Do You See What I am Saying?

In the fun and wacky movie, The Fifth Element, a future slang term for things being good is green. What do you see if I write green? You picture, probably, your favorite shade or least disliked shade of green.

When I add a modifier, an adjective, and write dark green, do you picture nearly black? Forest green? Pine needles?

For the rest of this blog post, I’m using the verb “say” to mean both written words and spoken words. Writers hear what they write, and most readers hear what they read, so those verbs are interchangeable here.

Imagine a tall man. With long hair. And a tattoo. How tall? If you are lacking in height yourself, perhaps anyone 5’7” and up is tall to you. My husband is 6′ tall. To him, 6’2” isn’t very tall.

How long is long hair? If you like military cuts, then hair that sweeps the man’s shirt collar is long. Growing up in the sixties, shoulder length hair was normal. Hair long enough to be put in a pony tail is long, and yummy.

Tattoos not only need more description but also imply things about a character or person. You might be hard pressed to find anyone under 30 who doesn’t have a tattoo. Body ink is more common and acceptable now than ever. “A tattoo” conveys nothing. My dad was in the navy as a young man. He has an eagle tattoo on his upper right arm. But just search Pinterest for tattoos and you’ll see Everything and anything, anywhere, and everywhere.

Personally, I think too much ink loses impact, and one perfectly placed art piece is best. My naval captain hero will no doubt have a tattoo of some sort, no doubt on his arms.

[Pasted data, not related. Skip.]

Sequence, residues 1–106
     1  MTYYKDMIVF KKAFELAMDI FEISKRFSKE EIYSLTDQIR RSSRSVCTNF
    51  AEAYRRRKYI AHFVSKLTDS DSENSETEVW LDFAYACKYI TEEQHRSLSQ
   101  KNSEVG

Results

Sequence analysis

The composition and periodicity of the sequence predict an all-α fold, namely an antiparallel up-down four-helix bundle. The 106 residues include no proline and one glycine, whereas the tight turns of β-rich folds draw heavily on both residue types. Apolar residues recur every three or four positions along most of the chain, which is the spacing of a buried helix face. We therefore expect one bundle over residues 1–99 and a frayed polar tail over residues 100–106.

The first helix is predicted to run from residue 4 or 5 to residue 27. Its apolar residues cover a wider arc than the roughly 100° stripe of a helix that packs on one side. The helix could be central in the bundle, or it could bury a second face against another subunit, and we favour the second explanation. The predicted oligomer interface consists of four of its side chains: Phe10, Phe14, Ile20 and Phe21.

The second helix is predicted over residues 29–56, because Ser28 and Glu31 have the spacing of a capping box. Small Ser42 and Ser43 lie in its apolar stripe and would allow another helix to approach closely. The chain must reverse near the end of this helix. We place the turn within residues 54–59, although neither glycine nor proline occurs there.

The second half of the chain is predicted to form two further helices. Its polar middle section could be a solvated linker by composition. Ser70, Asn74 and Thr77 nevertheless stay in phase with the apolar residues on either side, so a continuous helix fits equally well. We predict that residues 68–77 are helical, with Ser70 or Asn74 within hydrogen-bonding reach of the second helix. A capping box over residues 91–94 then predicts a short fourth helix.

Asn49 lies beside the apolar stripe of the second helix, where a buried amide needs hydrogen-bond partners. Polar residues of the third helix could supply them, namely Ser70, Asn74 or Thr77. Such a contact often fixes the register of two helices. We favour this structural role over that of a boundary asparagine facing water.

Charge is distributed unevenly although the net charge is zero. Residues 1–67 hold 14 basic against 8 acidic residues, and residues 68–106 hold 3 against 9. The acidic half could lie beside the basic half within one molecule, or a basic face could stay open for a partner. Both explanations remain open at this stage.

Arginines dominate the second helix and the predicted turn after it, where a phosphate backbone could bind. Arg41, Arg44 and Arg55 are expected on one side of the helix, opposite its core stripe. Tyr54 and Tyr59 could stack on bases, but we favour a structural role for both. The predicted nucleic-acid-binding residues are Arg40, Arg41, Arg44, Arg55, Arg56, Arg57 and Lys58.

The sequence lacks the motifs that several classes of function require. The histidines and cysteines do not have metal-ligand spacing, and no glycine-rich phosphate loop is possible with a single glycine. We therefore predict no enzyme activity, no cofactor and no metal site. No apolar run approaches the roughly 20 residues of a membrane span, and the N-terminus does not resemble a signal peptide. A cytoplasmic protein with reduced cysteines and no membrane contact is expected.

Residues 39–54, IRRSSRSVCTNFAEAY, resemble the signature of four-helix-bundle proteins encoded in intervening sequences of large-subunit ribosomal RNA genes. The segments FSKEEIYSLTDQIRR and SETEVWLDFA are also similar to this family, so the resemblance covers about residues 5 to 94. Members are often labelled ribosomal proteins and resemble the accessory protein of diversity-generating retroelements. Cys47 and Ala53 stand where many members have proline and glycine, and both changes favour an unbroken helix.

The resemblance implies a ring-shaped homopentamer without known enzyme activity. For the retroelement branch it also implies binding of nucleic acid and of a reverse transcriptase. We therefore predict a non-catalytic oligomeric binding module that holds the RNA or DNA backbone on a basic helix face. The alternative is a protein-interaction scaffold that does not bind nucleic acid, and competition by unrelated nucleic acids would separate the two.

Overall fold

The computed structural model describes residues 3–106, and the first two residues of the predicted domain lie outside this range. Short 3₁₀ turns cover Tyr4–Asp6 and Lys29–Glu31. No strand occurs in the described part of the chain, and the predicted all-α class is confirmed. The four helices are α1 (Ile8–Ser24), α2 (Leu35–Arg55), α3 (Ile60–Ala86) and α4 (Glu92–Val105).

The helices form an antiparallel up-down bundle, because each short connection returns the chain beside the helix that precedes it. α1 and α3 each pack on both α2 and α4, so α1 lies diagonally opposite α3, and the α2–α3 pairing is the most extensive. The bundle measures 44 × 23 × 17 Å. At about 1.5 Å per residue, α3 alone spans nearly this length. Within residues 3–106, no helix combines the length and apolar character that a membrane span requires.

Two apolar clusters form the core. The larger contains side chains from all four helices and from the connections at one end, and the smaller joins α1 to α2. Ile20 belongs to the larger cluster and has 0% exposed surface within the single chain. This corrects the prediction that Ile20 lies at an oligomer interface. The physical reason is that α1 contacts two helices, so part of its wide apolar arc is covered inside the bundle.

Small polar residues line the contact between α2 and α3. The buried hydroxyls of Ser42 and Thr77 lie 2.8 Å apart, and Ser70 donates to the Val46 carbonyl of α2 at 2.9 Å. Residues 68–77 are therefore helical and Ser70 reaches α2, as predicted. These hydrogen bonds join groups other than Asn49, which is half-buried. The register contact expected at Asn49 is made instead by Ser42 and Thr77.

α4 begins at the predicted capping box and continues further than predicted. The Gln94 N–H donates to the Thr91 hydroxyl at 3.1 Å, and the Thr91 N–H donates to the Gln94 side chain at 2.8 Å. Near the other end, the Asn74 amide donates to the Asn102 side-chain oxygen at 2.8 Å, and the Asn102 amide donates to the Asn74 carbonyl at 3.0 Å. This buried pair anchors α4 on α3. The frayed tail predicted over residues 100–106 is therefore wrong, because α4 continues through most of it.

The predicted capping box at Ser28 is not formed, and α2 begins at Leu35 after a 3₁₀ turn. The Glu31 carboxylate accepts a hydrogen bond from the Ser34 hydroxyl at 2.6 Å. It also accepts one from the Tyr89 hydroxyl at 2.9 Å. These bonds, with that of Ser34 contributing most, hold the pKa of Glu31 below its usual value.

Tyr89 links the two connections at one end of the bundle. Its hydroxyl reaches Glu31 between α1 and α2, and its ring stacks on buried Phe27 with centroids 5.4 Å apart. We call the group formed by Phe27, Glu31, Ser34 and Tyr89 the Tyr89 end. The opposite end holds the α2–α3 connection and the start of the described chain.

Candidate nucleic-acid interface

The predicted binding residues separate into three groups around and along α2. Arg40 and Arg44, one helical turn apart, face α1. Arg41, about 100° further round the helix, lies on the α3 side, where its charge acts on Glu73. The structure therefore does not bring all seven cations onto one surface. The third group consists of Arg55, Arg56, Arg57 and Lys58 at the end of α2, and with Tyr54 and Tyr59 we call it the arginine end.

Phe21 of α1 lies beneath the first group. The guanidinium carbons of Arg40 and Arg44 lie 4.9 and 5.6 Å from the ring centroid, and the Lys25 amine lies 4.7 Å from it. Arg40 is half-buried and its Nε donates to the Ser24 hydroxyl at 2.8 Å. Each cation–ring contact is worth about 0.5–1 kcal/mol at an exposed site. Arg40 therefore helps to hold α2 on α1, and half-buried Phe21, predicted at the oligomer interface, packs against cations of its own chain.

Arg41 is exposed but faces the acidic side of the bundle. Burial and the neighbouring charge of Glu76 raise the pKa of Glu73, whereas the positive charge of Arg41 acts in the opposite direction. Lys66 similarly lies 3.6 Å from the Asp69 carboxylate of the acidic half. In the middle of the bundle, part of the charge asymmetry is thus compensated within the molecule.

At one time, tattoos were associated with drugs, guns, tough guys and hard chicks. Bikers and people you wouldn’t want to invite home to meet the folks. Money has been made in tattoo laser removal services.

I’ve had the hardest time as a writer to use adjectives sparingly but not too sparingly, and not vague words. I describe most of my heros as tall. But added in one story that he stood taller than any other person she knew. In another, he’s always ducking when walking through a doorway. Yet another retrieves his hat constantly when it’s knocked off by overhead obstructions that do not impede anyone else.

Hair length and color and curl or lack of it all need to be conveyed in sharp, short sentences. Clothes, my weakest point in description, has to include style, weight, color, fabric. Other senses need to be included, sounds, smells, tastes, and touches. Writers often overuse description of visuals, but those are important. Remembering how things smell and sound takes a bit of practice.

Conveying a scene with one character or a thousand, describing each blade of grass or each heart beat, all things need to be exact and not leave too much to the imagination. Here are more opinions on the subject:

http://www.scribendi.com/advice/five_habits_to_avoid_in_fiction_writing.en.html
http://www.writersdigest.com/writing-articles/by-writing-goal/write-first-chapter-get-started/nobles-writing-blunders-excerpt

https://suite.io/rachel-shirley/1pme268

http://theeditorsblog.net/2014/04/08/keeping-adjectives-in-line/

Chew on that for a while, and I will be back on Sunday.

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